The Anniversary Party

On its surface, The Anniversary Party is an unremarkable film. It more or less comes off as a vanity project for Jennifer Jason Leigh and Alan Cumming (the two write, direct, co-produce, and star). Were this actually true, though, I most likely would not have bothered to rent it twice. The thing is, it's actually a deceptive flick: intelligence hidden beneath a veneer of Hollywood self-love.

Sally (Jason Leigh) and Joe (Cumming) are a celebrity couple. She's an American actress who in her late 30s, and therefore past her prime. He is a British pop novelist who is about to direct a film based on his latest work. Their marriage is just now mending from a tumultuous seperation, and they are celebrating their five months of reconciliation on their six-year anniversary.

The list of party guests is comprised of a veritable who's who of the star duo's actor-friends. Kevin Kline is Cal Gold, a respected and self-centered actor whose wife Sophia (Phoebe Cates) left Hollywood to become a mother. John C. Reilly is the director of Sally's latest flick (classic screwball comedy fans will recognize it as a remake of My Man Godfrey). Parker Posey is unfortunately underutilized as a family friend (we do get to see her breasts, though). Gwenyth Paltrow (!) also shows up as Skye Davidson, an excitable starlet who raises the admirably contained ire of Sally.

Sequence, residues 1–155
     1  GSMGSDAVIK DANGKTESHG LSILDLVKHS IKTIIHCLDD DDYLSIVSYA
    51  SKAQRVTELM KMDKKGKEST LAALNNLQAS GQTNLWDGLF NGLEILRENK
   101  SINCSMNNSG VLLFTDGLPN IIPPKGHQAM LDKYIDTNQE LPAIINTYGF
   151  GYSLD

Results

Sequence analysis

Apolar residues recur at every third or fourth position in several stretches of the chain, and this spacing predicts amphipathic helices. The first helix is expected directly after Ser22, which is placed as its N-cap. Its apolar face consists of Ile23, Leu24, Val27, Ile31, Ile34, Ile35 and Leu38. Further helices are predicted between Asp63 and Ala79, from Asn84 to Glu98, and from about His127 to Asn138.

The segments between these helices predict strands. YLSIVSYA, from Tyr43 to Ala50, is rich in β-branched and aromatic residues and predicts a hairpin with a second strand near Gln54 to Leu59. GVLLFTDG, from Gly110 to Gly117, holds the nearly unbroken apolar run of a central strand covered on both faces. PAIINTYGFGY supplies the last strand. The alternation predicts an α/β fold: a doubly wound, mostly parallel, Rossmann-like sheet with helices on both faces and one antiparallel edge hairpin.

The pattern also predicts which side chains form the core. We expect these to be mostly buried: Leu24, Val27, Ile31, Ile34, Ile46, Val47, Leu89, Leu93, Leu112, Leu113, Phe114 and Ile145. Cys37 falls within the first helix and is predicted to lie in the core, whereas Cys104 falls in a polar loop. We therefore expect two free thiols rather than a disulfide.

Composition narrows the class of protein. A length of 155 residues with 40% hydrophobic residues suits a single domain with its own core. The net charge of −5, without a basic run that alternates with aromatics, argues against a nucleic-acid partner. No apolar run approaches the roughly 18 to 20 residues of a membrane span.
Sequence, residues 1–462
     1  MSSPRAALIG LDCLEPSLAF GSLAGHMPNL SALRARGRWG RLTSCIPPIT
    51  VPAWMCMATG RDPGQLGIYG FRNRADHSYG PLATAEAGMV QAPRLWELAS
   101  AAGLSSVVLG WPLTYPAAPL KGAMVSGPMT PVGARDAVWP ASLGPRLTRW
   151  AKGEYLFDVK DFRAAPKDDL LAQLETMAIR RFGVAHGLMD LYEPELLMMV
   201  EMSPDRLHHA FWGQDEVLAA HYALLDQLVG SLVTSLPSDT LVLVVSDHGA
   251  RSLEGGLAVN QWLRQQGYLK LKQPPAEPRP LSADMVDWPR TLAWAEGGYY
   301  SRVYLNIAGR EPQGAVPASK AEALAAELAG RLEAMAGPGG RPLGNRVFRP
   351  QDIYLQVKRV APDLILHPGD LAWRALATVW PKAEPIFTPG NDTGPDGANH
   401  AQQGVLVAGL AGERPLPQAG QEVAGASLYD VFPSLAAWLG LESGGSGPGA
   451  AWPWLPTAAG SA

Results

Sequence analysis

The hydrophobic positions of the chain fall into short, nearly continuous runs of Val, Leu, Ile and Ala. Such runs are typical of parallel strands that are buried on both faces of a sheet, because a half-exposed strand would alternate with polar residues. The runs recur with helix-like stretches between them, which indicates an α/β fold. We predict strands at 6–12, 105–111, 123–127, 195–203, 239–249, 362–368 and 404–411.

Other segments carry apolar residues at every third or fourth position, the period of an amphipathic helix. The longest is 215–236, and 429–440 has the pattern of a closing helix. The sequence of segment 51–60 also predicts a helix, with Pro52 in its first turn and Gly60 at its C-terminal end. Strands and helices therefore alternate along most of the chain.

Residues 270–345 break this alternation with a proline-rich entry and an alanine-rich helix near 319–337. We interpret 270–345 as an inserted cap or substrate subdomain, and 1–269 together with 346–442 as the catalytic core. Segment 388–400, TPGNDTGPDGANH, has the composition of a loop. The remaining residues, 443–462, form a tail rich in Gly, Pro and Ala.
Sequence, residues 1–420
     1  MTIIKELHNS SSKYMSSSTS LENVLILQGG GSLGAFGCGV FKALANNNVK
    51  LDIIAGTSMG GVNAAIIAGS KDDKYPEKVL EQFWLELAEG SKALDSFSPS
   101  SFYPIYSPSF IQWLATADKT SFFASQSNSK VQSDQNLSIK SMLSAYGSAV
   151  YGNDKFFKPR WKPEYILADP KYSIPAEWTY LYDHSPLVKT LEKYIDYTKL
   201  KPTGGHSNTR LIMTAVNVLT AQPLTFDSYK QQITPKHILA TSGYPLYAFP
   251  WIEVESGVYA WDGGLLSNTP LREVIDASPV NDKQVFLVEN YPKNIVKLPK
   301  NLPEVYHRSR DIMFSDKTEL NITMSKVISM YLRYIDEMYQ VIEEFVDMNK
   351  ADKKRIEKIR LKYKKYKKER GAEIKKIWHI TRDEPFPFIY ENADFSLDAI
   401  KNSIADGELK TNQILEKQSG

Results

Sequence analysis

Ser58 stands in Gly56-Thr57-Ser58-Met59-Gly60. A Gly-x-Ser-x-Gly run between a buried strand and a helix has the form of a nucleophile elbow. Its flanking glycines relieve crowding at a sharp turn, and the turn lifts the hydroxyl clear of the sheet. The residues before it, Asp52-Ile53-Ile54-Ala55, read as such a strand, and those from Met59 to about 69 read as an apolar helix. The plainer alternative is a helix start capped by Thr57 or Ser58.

The Anniversary Party is divided into two sections. The first half is the preparation for and exectuion of the shindig proper. People get a little drunk, exchange pleasantries, and hold back judgmental statements until they are well out of earshot. Here, the camera weaves and bobs through conversations, catching odd snippets of exposition here and there.

Of course, in the second half, everything goes to hell. The turning point is an extended toast (which provides some of the better dramatic moments). After some comfort and discomfort, Ectasy is produced, and problems come to the forefront as everybody, in their extreme happiness, manages to tear away at their respective relationships.

When the film is naturalistic is when it works best - it is, for the most part, a very easy-going film. However, in the moments (especially towards the end) when it tries to be dramatic, it doesn't work. For all their training and thespian expertise, do Cumming and Jason Leigh really think a screaming match is going to be interesting to an audience? It's far too easy to tune out.

If The Anniversary Party never quite reaches the heights of drama it wants to reach, it is forgivable. We are allowed a glimpse into the lives of the rich and fascinating, and a quite convincing one at that. There hasn't been a group of actors so easy with each other since This is Spinal Tap, and the intimate cinematography really draws that out.

The DVD contains an episode of IFC's "The Anatomy of a Scene" and in the numerous interviews, diagrams, and visuals presented, there is a pretty accurate explanation of WHY things work. These people have exactly the confidence in the project that it deserves, and that's heartening.